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A wooden gavel and block is seen inside the Senate Hart Building in Washington, D.C., on Tuesday, March 3, 2015.

A wooden gavel and block is seen inside the Senate Hart Building in Washington, D.C., on Tuesday, March 3, 2015. (Carlos Bongioanni/Stars and Stripes)

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(Tribune News Service) — After a Texas man tried to fraudulently sell 50 million N95 face masks to the Australian government, officials say he has been sentenced to federal prison.

Authorities say 56-year-old Arael Doolittle, of Houston, didn’t have any masks when he and his co-defendant tried selling them for $5.50 each — plus “additional fees and mark-ups” by a middleman — for $317 million as COVID-19 swept across the world in a global outbreak.

Doolittle pleaded guilty to conspiracy to commit wire fraud July 27, 2021, records show, and was sentenced to 4.5 years in federal prison on Feb. 16.

“Judge (Lynn) Hughes noted even though there was no actual financial loss in this case, there are still costs associated with cases like this that victims of frauds suffer,” a news release from the Southern District of Texas U.S. Attorney’s Office says.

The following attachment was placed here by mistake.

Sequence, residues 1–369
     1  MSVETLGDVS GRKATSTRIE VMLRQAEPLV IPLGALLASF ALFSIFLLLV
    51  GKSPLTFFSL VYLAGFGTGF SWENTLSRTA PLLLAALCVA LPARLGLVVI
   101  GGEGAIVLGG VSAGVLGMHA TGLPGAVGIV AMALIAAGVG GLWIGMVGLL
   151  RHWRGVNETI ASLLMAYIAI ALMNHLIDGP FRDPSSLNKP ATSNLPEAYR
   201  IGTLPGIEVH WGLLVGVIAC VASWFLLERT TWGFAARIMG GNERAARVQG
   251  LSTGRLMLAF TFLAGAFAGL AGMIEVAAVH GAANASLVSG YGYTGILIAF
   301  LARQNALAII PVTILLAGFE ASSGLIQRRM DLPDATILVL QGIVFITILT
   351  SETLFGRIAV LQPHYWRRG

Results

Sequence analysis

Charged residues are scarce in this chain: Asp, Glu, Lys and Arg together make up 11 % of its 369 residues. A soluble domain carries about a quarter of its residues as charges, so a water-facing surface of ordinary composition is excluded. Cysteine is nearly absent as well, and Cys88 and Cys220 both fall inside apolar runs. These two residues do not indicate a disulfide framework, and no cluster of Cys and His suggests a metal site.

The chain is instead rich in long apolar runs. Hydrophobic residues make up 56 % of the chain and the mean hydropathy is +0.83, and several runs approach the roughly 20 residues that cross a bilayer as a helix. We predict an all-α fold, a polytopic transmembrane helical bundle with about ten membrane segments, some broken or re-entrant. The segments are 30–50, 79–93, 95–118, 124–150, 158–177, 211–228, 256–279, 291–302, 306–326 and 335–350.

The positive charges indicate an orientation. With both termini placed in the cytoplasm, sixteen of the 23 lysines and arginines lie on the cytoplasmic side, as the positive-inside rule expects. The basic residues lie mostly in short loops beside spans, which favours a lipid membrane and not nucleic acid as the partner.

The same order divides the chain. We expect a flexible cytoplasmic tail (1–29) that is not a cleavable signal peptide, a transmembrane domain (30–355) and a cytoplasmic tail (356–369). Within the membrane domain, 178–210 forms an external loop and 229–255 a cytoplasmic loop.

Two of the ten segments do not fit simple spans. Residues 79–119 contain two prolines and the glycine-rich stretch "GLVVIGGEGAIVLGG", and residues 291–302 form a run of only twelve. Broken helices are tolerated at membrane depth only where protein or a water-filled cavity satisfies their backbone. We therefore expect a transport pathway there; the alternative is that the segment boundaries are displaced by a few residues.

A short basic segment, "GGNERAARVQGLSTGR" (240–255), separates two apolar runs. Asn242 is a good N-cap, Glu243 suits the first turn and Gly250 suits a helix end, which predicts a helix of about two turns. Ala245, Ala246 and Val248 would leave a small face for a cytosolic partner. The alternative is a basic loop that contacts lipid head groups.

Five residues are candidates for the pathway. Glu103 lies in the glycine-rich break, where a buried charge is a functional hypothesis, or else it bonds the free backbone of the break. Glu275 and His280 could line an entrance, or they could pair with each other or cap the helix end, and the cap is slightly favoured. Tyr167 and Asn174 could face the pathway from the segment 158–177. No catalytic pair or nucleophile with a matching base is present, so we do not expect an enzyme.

The defense attorney representing Doolittle declined to comment.

As the masks that offered the best protection against the coronavirus were in short supply, officials say Doolittle, his partner and their middleman began looking for buyers in March 2020.

By March 30, their broker connected with representatives of a foreign government — later identified as Australia — about buying 50 million N95 masks.

“According to the terms of the purchase order, no money was to be released to the seller until after the buyer’s inspection team had an opportunity to inspect the product in Houston, Texas,” records say.

Doolittle later said the government would have to pay a 50% deposit before officials could inspect the masks, according to court records. When the middleman said they would not pay until after inspecting the masks, Doolittle said the 50 million masks “were in different locations and it would cost a lot of money to transfer all of the masks to one location for an inspection.”

All parties agreed the foreign government would pay $100,000 into an escrow account, and Doolittle’s team could keep the $100,000 to cover the relocation if the deal fell through, authorities said.

On April 2, a “proof of products” video that Doolittle had emailed to his partner, which was then forwarded to the middleman, showed stacked boxes of N95 masks, records say. But the lot number visible on some of the visible masks showed they were manufactured in 2006, meaning they would have “exceeded their shelf life.”

Before a representative of the Australian government could wire the $100,000 into the escrow account, officials say the U.S. Secret Service stopped the sale of non-existent masks.

This sentencing is in addition to 4.5 years in prison Doolittle was ordered to serve in connection to soliciting victims to “invest in a petroleum trading company” — a $1,935,613.95 fraud scheme that he then used to fund an unrelated business and his personal expenses, officials say.

With both sentences, Doolittle will serve nine years in prison.

©2022 The Charlotte Observer.

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